How do corporations mislead with green product claims?



  1. 0 Votes

    A new study shows that 95 percent of products that are marketed as ‘green” are using misleading or inaccurate claims.  The term for this is “Greenwashing” which is a term commonly used to describe environmental claims on products that are unproven. 

    Additionally these products use terms that are extremely vague such as “natural” or “earth friendly”.  Some state that they have been certified organic, when in fact they have not. 

    There are Six Sins of Greenwashing and they are:

    1.  The sin of the hidden tradeoff – suggesting a product is “green” based on a single environmental attribute, without attention to other important environmental issues.

    2.  The sin of no proof – any environmental claim that cannot be substantiated by easily accessible supporting information or by a third-party certificaiton.

    3.  Sin of Vagueness – every claim that is so poorly defined or broad that its real meaning is likely to be misunderstood by the intended consumer.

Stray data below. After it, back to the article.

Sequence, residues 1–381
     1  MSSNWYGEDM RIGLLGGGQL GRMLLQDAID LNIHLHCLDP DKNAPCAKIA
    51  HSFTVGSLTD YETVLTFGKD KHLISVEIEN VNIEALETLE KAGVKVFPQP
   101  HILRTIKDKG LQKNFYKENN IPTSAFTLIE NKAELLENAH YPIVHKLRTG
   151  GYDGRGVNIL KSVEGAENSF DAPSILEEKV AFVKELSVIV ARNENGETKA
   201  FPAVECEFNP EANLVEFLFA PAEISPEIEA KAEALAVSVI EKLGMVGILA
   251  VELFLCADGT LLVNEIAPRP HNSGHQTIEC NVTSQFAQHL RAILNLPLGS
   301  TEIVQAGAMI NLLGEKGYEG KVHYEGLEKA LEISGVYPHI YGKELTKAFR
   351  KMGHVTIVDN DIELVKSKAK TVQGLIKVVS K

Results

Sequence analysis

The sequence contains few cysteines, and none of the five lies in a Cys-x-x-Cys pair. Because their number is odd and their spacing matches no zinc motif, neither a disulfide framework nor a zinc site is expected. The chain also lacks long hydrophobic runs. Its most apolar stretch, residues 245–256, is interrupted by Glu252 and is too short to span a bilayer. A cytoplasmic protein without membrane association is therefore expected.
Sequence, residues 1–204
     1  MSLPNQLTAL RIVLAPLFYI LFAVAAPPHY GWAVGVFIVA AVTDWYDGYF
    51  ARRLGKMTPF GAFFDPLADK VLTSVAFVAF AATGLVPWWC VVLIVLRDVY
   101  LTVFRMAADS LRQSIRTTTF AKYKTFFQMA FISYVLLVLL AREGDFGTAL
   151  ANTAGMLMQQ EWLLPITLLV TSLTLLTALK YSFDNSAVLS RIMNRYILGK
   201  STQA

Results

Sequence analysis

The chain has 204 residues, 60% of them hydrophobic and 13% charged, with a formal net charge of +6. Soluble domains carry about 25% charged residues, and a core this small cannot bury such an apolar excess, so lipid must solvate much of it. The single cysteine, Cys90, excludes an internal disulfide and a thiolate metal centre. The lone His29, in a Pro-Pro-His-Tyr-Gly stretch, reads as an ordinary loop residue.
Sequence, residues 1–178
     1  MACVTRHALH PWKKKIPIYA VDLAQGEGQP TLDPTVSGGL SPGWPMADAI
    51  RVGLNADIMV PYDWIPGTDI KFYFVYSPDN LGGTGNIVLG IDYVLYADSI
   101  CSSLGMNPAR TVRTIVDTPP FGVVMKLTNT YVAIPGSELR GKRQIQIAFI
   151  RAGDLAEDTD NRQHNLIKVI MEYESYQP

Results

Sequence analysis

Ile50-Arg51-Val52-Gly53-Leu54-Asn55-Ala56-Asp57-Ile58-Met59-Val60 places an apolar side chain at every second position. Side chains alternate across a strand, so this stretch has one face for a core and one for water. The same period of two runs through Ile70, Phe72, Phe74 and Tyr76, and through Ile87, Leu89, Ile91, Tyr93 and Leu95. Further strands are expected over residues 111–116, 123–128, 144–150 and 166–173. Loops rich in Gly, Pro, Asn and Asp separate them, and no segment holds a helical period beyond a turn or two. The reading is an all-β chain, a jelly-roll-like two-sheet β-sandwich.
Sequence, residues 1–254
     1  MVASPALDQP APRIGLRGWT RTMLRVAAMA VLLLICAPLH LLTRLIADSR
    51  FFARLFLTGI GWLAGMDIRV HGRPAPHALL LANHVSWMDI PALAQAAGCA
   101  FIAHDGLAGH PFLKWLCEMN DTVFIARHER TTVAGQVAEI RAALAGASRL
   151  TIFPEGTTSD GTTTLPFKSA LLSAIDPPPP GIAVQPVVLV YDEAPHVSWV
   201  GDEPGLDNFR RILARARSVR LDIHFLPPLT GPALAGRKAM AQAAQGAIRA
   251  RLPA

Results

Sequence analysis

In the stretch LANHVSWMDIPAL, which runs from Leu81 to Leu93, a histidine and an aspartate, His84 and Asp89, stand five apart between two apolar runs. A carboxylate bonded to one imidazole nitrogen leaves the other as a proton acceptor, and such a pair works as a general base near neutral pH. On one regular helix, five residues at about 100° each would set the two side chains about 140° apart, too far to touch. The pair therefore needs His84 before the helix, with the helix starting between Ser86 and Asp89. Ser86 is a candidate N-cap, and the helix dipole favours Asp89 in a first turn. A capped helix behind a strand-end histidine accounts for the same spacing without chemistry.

4.  The Sin of Irrelevance – making an envirionmental claim that my be truthful but is unimportant and unhelpful for consumers seeking environmentally preferably products. 

    5.  The Sin of Lesser of Two Evils – “green” glaims that may be true within the product category, but that risk distracting the consumer from the greater environmental impacts of the category as a whole.

    6.  The Sin of fibbing – making environmental claims that are simply not true.

  2. 0 Votes

    A misleading “green” advertising technique that I see a lot is saying on a label that the container is made from post consumer content. The biggest offender I’ve seen do this is Coca-cola. The Coca-cola company has made a positive step in using renewable plant material in the manufacturing of its bottles, but the labels read “up to 30% plant-based 100% recyclable bottle. The first half of this claim is misleading because as long as the label says “up to,” the bottle can contain any amount of plant material, even if the amounts are negligible. The second half is misleading because it suggests false improvement: coke bottles have always been 100% recyclable.

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